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Article summary:

1. The article discusses the relevance of Johanson and Vahlne's 2009 paper on internationalization in the context of born digital firms.

2. Born digitals are fundamentally different from traditional bricks-and-mortar firms that have gone digital, and their internationalization may be intentional or unintentional.

3. Technological affordances of born digitals, such as direct engagement with stakeholders and network effects, may change or create new theoretical mechanisms for internationalization.

Article analysis:

The article "Born digitals: Thoughts on their internationalization and a research agenda" provides an analysis of the impact of digitalization on the internationalization process of firms. The authors use Johanson and Vahlne's (2009) liability of network outsidership argument as a foundation for discussing the internationalization process of born digital firms. They argue that born digitals are fundamentally different from traditional bricks-and-mortar firms that have gone digital, as they operate to a very high degree 'in space' and can connect to markets around the world almost instantaneously.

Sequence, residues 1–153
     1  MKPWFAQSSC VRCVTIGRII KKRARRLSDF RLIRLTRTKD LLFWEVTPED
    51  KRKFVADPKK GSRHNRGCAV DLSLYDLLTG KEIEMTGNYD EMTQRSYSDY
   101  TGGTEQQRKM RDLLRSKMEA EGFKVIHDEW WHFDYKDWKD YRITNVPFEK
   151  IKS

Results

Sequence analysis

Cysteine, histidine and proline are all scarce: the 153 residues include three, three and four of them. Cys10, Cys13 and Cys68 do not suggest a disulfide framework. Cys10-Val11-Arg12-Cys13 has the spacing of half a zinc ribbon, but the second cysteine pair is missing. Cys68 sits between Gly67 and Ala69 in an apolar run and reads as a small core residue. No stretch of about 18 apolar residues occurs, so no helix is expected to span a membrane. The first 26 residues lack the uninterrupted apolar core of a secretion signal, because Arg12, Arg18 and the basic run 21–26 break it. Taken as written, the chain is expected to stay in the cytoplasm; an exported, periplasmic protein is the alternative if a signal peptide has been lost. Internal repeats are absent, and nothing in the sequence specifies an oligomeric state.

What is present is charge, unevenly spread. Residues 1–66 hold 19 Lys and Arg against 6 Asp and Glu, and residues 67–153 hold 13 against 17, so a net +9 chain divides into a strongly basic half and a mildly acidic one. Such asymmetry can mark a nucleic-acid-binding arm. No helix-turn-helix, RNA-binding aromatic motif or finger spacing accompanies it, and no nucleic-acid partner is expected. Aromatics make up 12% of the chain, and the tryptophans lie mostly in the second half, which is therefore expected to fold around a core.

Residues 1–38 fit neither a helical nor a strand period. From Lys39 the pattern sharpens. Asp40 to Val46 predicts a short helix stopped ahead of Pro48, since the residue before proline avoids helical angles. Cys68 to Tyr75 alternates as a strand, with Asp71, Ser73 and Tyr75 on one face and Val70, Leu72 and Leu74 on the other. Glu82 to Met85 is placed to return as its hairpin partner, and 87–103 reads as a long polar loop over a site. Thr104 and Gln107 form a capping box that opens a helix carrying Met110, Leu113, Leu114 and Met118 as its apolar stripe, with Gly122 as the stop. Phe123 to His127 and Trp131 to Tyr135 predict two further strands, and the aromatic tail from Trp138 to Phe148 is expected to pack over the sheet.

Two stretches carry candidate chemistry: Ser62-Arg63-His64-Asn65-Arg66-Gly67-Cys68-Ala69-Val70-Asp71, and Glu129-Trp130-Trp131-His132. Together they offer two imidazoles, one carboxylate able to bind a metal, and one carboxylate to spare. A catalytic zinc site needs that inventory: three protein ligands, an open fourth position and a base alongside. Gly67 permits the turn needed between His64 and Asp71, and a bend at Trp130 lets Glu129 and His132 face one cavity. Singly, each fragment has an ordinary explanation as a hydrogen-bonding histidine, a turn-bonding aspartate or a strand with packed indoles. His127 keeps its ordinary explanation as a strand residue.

The article provides a useful overview of the characteristics of born digitals and how they differ from traditional firms. However, it is important to note that the authors do not provide any evidence or data to support their claims. For example, they state that born digitals have a higher ratio of internet intensity to foreign assets than traditional bricks-and-mortar MNEs, but do not provide any data to back up this claim.

Furthermore, the article is somewhat one-sided in its analysis. While it acknowledges that Johanson and Vahlne's arguments apply to all types of firms, it focuses solely on born digitals without considering how digitalization might impact other types of firms. Additionally, while the authors discuss the technological affordances of born digitals, they do not explore potential risks or drawbacks associated with these technologies.

Overall, while the article provides some interesting insights into the internationalization process of born digitals, it would benefit from more rigorous analysis and supporting evidence. Additionally, it could be strengthened by considering counterarguments and potential risks associated with digitalization.